To provide the extensive control and flexibility provided by the 552, its high-performance analog circuitry is infused with numerous control types. Digital control of analog signals provides the circuit designer with the power to offer features that analog alone can't offer. The mix of different control types for gain in the 552 include analog potentiometers, digital potentiometers, analog switches, micro-relays, and physical switches. Each location in the circuit where gain is controlled is described below.

Input Mic/Line Switching - Micro Relays

Each of the 552's five inputs is switch-selected for microphone or line-level inputs. In a departure from its predecessor which had physical switches adjacent to the input connectors, mic/line switching on the 552 is controlled from the front panel of the mixer. The benefit of using front-panel switch combinations to control mic/line level switching is most important in fast-changing setups; there is no need to reach into the production bag and find a switch to change input types.

Input Trim and Fader - Analog Potentiometers

Critical 552 gain adjustments are controlled with analog potentiometers. The combination of its wide gain-range trim control and its precision fader allows input to be controlled with high degree of accuracy and smoothness that is only possible with precision analog pots.

Pan - Digital Potentiometers

Input pan is a secondary control on the 552. In most applications, inputs are panned either hard-left, hard-right, or straight up the middle. To provide more control over the circuit the pan circuitry is controlled by a digital potentiometer. Audio signals flow through the digital potentiometer which is controlled by the panel-mounted potentiometer. As is the case with all digital potentiometers, gain levels are adjusted in discrete step. No audio is routed through the panel-mounted potentiometer.

Master Level Control - Digital Potentiometer

In most production applications, the Master Level Control is set-and-forgot at unity gain (o dB). To provide more control over the circuit both sides, left and right of the Master, are controlled by a digital potentiometer. Audio signals flow through the digital potentiometer which is controlled by the panel-mounted potentiometer. As is the case with all digital potentiometers, gain levels are adjusted in discrete step. No audio is routed through the panel-mounted potentiometer.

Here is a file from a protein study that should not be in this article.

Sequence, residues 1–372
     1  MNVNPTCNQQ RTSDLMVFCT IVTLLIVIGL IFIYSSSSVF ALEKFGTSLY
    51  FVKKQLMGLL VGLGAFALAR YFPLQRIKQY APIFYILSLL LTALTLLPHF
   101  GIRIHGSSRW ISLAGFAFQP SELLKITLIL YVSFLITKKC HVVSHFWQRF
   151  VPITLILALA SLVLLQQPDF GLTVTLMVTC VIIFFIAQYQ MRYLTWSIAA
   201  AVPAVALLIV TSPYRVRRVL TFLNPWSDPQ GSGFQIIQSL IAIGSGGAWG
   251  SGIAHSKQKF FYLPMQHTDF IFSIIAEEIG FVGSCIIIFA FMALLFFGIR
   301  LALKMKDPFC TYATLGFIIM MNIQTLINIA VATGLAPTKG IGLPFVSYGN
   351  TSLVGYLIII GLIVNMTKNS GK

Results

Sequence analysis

Master Output Mic/-10/Line - Physical Switch

While input assignments into the mixer may change during a production, rarely are its outputs reconnected. The output level is switch-selected using physical switches adjacent to the output connector.

Direct Output Mic/Line Switching - FET Switching

Using the Setup Menu, the level of the unit's direct outputs is switched between mic- and line-level. Micro-controller controlled analog switches accomplish this task.

Headphone Level Control - Digital Potentiometer

One of the most often touched controls, the Headphone Level Control is an essential component of the mixer. The Headphone Level Control also doubles as a selector for the Setup Menu. To operate in both modes, a digital potentiometer is used for headphone levels. A secondary benefit of the headphone level being controlled by a digital potentiometer is that the headphone volume level is shown on the output meter when the control is changed.

Return Levels - Digital Potentiometers

Like the overall headphone level, the return levels are controlled by digital potentiometers. The same rotary control used for headphone level is used to adjust the return level.

About Digital Potentiometers

It is possible to hear "zipper/stepping noise" in the 552 under the right circumstances when adjusting:

  • pan,
  • master level,
  • return levels, and
  • headphone level.

This noise artifact is the result of those specific levels being controlled by digital potentiometers, which have finite and discrete gain increments. An analog or rotary switch controls the digital potentiometer. Of the controls above, the pan pot and the master output level controls are in the direct audio path to the master outputs.

Digital pots are used in many different devices by numerous manufacturers in our market, including wireless tx/rx, digital recorders, and analog and digital mixers. You can hear this zipper/stepping noise to some degree when they are used. In the 552, their benefit is exact repeatability of gain values at a specific pot rotation and no dropouts with excess or limited usage. The critical-path level controls (trim/fader) on the 552 use precision analog pots, such as the sealed, conductive-plastic fader pots.